Blossburg, Pennsylvania

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Blossburg is a borough in Tioga County, Pennsylvania, in the United States. The population was 1,480 at the 2000 census.



In 1792 a party of immigrants who were building the Williamson Road from Williamsport, in Lycoming County, to Painted Post in New York under the leadership of Robert and Benjamin Patterson discovered coal within the present town limits of Blossburg. When the group reached the Tioga River, they established a supply camp upon its banks.

In 1801, Aaron Bloss moved to Tioga County and in 1802, moved to the area known as "Peter’s Camp". He is considered the first settler of Blossburg. Sometime between 1818 and 1820, Aaron Bloss made the first attempt to found a town by changing the name of Peter’s Camp to Blossburg. Blossburg was finally recognized and incorporated a borough in August 1871.

The real mining history of Blossburg Coal began shortly after 1810 when David Clemens made the first effort to mine and market coal. Clemens opened a mine on Bear Run between 1812 and 1815, serving only the Painted Post area. Around the same time a lower vein was opened on Bear Run by Aaron Bloss. This vein is known as the Bloss Vein but was used only to satisfy local demands.

The first efforts of coal shipping were on a small scale due to the poor road conditions and the poor navigating ability along the Tioga River. In 1817, a coalition of Bloss and the other miners asked the legislature for funds to improve these routes. In the meantime, Blossburg Coal was being shipped to Painted Post, Elmira, and Corning.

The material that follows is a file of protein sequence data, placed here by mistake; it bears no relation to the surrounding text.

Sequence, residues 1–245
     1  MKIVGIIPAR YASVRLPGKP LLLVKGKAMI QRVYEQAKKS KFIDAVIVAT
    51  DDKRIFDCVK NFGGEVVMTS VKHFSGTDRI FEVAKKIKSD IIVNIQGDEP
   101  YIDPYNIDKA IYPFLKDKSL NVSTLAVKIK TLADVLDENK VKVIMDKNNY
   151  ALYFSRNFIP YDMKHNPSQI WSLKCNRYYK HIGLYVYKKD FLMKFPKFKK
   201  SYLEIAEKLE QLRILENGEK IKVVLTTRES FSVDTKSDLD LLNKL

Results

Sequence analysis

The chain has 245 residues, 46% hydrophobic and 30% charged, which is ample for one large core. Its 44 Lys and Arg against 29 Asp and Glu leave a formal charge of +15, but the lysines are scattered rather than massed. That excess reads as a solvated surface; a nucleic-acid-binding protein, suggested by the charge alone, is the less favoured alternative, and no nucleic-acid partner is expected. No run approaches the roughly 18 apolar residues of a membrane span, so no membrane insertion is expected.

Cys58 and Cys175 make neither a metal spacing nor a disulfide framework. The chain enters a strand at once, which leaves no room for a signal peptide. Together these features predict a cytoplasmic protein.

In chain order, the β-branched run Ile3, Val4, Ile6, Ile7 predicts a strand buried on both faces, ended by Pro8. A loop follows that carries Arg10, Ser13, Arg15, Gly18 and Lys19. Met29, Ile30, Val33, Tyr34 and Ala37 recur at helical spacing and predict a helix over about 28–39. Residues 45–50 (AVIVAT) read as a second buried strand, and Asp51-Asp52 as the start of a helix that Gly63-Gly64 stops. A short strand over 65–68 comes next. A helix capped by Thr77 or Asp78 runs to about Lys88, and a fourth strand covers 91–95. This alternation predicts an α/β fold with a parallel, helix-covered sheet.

More important than the local runs, Blossburg Coal was being shipped to Albany where it influenced railroad and canal navigation legislation, and also to Philadelphia where it attracted the enterprising businessmen.

In 1826, Judge John H. Knapp erected an iron ore smelting works within the borough limits. Knapp also opened coal mines on Coal Run and ore mines on "Barney Hill".

In July 1840, the railroad found its way through Covington from Corning, and was opened for locomotives to Blossburg in September. This railroad allowed the mines to be tapped and for their coal to be easily distributed through the Twin Tiers.

For more than 150 years, coal has played a vital role in the development of Blossburg. Today many of the mines that still exist are dormant. However Ward Manufacturing is a descendant of the Blossburg Coal mining industry and is currently the largest business operating in the Blossburg area.

On June 23, 1967, Mohawk Airlines Flight 40 crashed outside of Blossburg with a loss of all 34 passengers and crew. Flight 40 was a regularly scheduled passenger flight between Elmira, New York and Washington, DC. The aircraft was a BAC 1-11-204AF.


Blossburg is located at 41°40′39″N 77°3′56″W / 41.6775°N 77.06556°W / 41.6775; -77.06556 (41.677615, -77.065519)[1].

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